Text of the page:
COLUMN: Mambu CEO on the international trends he’s watching in 2018

Financial institutions find themselves under constant pressure following continuous innovation enabling new challengers, changing consumer preferences and increasing scrutiny from regulators.

Launching fin-techs spinoffs

Prompted by these pressures, a growing number of established financial institutions are launching their own fin-tech spinoff or digital bank. A flexible and agile speedboat spun off from the robust but slow parent institution or cruise ship.

This concept of launching speedboats combines the best of two worlds: the resources and experience of an established institution with the technology and culture of a fintech. Operating independently these spin-offs are able to deliver significant results in a short period of time, free of the legacy technology and thinking which often anchors their parent organisations.

This is a strategic move that allows institutions to swiftly enter new markets and geographies, test and change products and try new technologies at a fraction of the time and cost of large transformations. Learnings are fed back into the larger organisation, allowing them to gather market insight.

An example of this is New10, ABN AMRO’s newly launched fintech, which provides fast and fully digital loan loans to Dutch SMEs. New10 went from concept to launch in just 10 months.

This growing trend has emerged over the past 12 – 18 months and we expect it to gather pace globally in 2018.

Eugene Danilkis

Going beyond Monoline in 2018

In the new year, we expect more fin-techs that were once disruptors with unique monoline offerings, finding themselves challenged by their initial business model, internal development and new players.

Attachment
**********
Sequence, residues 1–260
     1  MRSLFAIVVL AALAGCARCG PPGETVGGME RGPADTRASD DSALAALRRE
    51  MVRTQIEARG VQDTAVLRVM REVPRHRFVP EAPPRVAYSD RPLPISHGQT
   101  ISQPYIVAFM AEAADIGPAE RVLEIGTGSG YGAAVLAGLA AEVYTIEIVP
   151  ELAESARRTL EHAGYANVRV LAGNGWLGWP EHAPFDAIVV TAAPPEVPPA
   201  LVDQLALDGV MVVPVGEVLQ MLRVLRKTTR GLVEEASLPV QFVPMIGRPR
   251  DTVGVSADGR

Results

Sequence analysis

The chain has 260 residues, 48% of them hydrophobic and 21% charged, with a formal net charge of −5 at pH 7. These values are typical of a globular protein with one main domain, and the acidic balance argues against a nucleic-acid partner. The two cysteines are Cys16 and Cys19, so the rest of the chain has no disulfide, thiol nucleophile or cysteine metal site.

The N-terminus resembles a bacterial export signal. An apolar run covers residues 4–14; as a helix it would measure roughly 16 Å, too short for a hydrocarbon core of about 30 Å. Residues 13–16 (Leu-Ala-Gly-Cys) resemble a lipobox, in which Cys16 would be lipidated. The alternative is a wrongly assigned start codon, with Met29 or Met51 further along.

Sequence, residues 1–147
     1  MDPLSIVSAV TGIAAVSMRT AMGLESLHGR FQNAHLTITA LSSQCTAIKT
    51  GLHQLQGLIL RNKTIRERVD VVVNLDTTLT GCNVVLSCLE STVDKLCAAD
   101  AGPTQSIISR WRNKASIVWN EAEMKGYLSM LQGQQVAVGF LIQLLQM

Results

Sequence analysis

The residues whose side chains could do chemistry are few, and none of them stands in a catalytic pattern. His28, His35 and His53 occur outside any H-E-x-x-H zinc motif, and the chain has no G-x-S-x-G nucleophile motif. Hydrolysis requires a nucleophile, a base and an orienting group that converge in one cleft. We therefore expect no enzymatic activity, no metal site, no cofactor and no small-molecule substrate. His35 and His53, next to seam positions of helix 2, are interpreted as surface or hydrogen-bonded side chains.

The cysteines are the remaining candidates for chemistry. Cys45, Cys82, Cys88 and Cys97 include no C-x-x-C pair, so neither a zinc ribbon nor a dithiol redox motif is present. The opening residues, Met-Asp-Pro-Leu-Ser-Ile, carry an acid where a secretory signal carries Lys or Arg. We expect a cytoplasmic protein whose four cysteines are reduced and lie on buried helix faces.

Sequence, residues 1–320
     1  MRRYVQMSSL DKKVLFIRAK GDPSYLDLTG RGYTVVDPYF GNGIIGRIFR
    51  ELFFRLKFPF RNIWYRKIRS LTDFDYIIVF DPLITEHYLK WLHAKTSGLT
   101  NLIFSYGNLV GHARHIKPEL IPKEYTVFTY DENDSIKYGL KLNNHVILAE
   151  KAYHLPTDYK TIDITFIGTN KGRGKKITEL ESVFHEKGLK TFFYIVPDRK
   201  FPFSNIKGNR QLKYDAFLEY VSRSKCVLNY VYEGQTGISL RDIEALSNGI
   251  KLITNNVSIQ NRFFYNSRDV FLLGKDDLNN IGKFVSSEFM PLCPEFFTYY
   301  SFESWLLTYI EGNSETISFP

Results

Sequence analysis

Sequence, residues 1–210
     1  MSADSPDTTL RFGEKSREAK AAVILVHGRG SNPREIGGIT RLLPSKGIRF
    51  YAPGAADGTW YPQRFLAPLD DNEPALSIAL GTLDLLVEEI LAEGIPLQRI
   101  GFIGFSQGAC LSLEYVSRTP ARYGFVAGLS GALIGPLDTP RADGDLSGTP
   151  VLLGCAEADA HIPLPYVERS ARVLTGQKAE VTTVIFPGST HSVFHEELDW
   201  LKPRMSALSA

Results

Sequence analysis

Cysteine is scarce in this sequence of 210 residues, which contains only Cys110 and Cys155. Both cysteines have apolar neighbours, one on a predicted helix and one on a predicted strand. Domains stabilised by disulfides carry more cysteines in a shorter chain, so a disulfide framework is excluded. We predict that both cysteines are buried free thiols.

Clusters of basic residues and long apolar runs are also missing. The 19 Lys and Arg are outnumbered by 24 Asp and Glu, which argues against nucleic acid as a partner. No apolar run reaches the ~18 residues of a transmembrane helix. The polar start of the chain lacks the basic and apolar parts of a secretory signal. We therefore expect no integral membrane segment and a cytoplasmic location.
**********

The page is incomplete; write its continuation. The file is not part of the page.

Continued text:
As a direct result of their success, their business needs have evolved to focus on growth and diversification and their technology has to evolve in order to support these objectives.

To keep growing at the same pace as before, we see these fin-techs seeking out new technology to help drive their journey and support their long-term strategy. This is an opportunity for them to capitalise on momentum, focus on customer experience while leveraging best of breed technology to deliver seamlessly.

Emergence of composable architectures

We believe fin-techs and traditional institutions are moving in a different direction than normal in the next 12 – 24 months. Instead of internal development, they are shifting their operating models to an API-driven ecosystem, building a modular or composable architecture.

This allows them to attain speed, both in execution and time to market as well as business agility, giving them access to the technology required to be relevant and competitive in a changing market. Why craft an architecture in stone, when you can build it with interchangeable blocks, replacing and connecting component parts as needed?

Apart from flexibility, this composable approach also prepares organisations for innovation and the next market shift letting institutions focus on innovation and the customer instead of ‘keeping the lights on.’

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